But every now and then Snoopy would wake from his slumber, and lacking any energy to move, would start meowing like I’ve never heard before. I couldn’t take it. So I brought down his favorite bed he liked to lie on and placed him on it, and put an old photograph of Pebbles next to him to keep him company.

I’m not religious, but there’s something about being so close to death that makes us more inclined to believe in a greater spirituality. In some optimistic way, I thought Snoopy might see it and recognize he’d be seeing his old friend again soon. It gave me comfort. And with that, I went back upstairs to let him sleep in peace.

He died overnight. I’m just glad he’s not suffering anymore.

It’s the age-old consequence of forming an attachment to your pets. You love them dearly, but then they must leave you, leaving a gaping void that could never be filled again.

But is it worth it to share years upon years of memories before that day comes?

You’re damn right it is.

We have a three-year-old cat, Marbles, so our home is not cat-free, and hopefully will not be for a long time.

I’m just glad that my trio of childhood cats I loved so much are back together again.

Rest in peace Snoopy.

Snowpocalypse, deflated footballs and the hottest tennis match known to man.

Crippling.

Devastating.

Record breaking.

These are the words being tossed around not to describe a tsunami, or a tornado or even a hurricane. But snow. The white powder that falls from the sky and is used to make snowmen.

I understand it’s better to overreact than to underreact, but can we save the doomsday vernacular for meteorological blizzard-2015events that actually kill people, and not ones that can be totally avoided by staying inside?

What’s next? A paralyzing rain? A
calamitous fog?

It’s snow. Any one who lives in a region that is capable of receiving a blizzard knows how to handle it. The way meteorologists, news anchors and government officials are describing this current Nor’easter, you’d think this was some type of acid snow.

Which would actually make for an awesome movie. Someone call Michael Bay. Actually don’t, because then he’ll ruin my masterpiece idea with excessive special effects.

Not to say that a snowstorm isn’t still pretty bad. But it’s an inconvenience more than anything — not a natural disaster. Although, it’s definitely not weather you want to run in, as one jogger learned the hard way.

But speaking of natural disasters, how about those New England Patriots? The team has become the whipping boy of the NFL after they were accused and found guilty last week of intentionally under inflating footballs to a degree that’s not allowed by the league. And since they’re in the Super Bowl, the biggest sporting event in America, the story has taken on a life of its own.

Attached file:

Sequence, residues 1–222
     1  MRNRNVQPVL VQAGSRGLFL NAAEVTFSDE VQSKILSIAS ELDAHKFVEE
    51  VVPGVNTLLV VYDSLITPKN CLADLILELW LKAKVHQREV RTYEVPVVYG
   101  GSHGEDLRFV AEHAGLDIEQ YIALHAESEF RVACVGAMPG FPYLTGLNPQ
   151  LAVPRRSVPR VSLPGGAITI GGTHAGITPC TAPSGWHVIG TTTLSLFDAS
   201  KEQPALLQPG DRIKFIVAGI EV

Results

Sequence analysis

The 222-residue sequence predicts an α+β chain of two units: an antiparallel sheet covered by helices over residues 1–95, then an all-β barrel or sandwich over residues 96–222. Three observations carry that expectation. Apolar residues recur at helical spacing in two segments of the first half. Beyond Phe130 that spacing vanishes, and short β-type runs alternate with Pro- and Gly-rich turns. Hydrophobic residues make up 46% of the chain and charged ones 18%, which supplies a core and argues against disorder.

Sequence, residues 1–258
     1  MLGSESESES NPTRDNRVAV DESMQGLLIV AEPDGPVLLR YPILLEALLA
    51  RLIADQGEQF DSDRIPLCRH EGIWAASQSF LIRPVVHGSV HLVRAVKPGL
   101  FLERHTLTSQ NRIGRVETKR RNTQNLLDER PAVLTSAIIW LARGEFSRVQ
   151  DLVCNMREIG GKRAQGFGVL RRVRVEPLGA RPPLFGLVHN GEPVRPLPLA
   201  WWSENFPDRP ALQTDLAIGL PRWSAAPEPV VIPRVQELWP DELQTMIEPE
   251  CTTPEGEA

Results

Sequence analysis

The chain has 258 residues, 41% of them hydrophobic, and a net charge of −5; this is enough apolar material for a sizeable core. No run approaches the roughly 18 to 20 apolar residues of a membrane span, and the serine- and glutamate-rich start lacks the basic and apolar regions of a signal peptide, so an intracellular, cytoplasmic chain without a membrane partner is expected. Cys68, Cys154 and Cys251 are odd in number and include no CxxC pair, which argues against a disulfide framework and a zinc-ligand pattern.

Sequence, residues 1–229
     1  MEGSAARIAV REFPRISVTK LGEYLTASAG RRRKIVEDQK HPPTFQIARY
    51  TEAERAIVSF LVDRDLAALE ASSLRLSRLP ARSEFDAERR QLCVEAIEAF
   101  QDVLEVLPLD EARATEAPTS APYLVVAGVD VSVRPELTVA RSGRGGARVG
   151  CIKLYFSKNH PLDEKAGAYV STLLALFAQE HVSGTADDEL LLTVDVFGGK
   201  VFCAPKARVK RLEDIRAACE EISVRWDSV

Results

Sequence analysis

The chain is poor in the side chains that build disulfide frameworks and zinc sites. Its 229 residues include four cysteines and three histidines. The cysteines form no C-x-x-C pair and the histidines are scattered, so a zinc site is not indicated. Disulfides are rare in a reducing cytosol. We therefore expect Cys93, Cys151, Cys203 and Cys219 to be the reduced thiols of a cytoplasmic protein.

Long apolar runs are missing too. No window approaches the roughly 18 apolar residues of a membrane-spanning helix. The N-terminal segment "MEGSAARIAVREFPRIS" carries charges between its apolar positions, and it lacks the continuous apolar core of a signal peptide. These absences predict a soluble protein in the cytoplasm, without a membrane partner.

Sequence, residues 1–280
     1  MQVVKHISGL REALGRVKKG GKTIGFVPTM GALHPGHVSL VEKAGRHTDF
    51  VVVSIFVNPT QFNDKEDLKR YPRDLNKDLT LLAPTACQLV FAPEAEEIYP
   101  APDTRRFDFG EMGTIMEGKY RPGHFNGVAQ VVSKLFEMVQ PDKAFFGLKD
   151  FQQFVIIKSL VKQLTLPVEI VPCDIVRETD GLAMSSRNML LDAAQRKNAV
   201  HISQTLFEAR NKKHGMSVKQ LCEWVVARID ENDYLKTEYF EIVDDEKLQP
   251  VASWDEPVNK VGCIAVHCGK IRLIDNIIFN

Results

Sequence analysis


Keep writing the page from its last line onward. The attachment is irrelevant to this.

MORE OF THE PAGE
It’s the constant focus of talk radio and sports television shows. Saturday Night Live featured it in its opening sketch last weekend. It’s even been given its own conspiracy name: Deflategate.Tom Brady defaltegate

The problem is that the team has a reputation for bending the rules. Several years ago, they were accused of illegally filming opposing teams’ sidelines. So NFL fans who don’t root for the Patriots are rightfully annoyed that they continue to challenge the integrity of the league, and on top of that, keep winning. It’s not fair.

Their coach Bill Belichick has denied involvement, and Tom Brady is simply smiling and charming his way out of blame. And now, reports say that a Patriots locker room attendant may end up being the scapegoat. It’s all one big mess, and the NFL better hope that the Patriots lose to the Seattle Seahawks on Sunday, or else you’re going to have a lot of angry people.

But let’s transition the topic from deflated balls to tennis. Where the balls are green and hoppy.

Maria Sharapova, who at one point in my life I may or may not have been deeply in love with, is playing against Eugenie Bouchard, who is basically is the next Maria Sharapova — in terms of attractiveness and skill.

Sharapova BouchardSharapova, 27 — who once rejected my autograph request  — is nearing an age where tennis careers typically begin their downward slide, which is probably much earlier than most professional sports. She’s already achieved the esteemed career grand slam, and is still in impeccable shape and succeeding on the court. Her beauty has been well documented, and she’s one of sports’ rare emblems of looks and talent.

Well, in comes Bouchard, 20, of Montreal, who appears to share a similar package after reaching the Wimbledon final last year.